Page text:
Being Modern: Coffee
Sunday 14 August 2011
It's not unusual to come across someone who likes to complain, with some vigour, about our nation's growing obsession with coffee – desperate just to order a normal coffee from a surly teenager, not a tall soy decaf vanilla latte from an Australian World Barista Championship finalist.
Yet, as an Italian who grew up on weekly trips to the Costa Rica Coffee Co in Cardiff, where I would buy freshly roasted beans that would make the whole bus sniff the air in mystified olfactory wonder, coffee to me is neither of these things: rather, it is a world of Italian chic in an impossibly tiny cup. We are Marcello Mastroianni (him), we are Anita Ekberg (her) living la dolce vita when we make a cup of the good stuff – and to turn that into the everyday, mundane experience conjured up by a "flat white" is problematic.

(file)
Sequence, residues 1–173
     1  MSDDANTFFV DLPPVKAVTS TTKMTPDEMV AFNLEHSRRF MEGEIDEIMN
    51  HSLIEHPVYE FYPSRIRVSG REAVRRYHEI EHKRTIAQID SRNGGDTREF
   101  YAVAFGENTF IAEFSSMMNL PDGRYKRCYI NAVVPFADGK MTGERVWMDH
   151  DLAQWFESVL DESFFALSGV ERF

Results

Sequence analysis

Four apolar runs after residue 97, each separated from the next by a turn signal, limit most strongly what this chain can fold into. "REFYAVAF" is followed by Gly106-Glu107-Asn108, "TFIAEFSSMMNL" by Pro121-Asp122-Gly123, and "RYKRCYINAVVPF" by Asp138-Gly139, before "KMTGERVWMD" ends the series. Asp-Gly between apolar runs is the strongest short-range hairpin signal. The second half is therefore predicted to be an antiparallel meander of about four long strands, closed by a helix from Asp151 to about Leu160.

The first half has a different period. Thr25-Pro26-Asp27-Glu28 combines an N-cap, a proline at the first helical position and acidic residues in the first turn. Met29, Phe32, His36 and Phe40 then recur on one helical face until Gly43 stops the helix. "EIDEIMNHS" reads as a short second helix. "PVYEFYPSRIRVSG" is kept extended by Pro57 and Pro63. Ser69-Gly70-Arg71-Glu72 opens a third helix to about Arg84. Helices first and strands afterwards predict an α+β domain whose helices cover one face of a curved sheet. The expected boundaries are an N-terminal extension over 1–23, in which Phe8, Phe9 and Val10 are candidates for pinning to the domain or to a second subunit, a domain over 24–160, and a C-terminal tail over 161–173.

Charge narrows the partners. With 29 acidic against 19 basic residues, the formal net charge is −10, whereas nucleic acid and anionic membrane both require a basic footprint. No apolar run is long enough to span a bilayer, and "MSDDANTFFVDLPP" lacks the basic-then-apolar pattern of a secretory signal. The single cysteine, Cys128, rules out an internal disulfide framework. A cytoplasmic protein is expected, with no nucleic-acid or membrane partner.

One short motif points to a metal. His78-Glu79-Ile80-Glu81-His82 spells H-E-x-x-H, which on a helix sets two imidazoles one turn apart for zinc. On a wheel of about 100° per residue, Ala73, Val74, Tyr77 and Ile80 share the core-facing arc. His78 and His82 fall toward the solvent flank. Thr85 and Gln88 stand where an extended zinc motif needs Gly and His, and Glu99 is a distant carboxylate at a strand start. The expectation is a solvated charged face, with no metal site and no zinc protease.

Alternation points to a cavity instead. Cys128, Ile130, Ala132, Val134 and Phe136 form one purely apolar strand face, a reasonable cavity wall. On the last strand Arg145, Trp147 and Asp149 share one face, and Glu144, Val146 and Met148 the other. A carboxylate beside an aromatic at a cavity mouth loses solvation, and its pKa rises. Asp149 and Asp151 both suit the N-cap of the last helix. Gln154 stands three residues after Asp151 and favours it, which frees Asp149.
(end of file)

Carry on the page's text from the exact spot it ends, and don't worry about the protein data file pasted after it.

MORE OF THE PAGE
Apply synesthesia to coffee and, for aging caffeine connoisseurs everywhere, it's the overexposed sunlight of Italian neorealism, the pastel shades of a Vespa, the cerulean blue sky over the Amalfi coast, the classical proportions of a Renaissance piazza, the svelte lines of a Prada suit. And the very thought of using one of those "pods" rather than a stove-top espresso pot is enough to make us fall off our Le Corbusier Vienna Café chairs.
But let's get a grip, shall we? Since Achille Gaggia applied for a patent for a steamless coffee machine in 1938, Italy has had a wide range of coffees, from the tiny ristretto to the giant Americano via the espresso, macchiato, latte macchiato and that good old tourist's favourite, the cappuccino – all of which have become commonplace here, too, thanks to the big chains. And even in Italy they're getting all fancy and fussy, swapping their six daily caffès for un piccolo decaffo scremato as they watch their caffeine intake, their waistlines and their wallets.
So just remember that next time you're in a vast queue behind someone asking for "a double espresso in a big cup, then the same amount of hot milk, with absolutely no froth in it or on top" – and don't be tempted to ask them: isn't that just a flat white?
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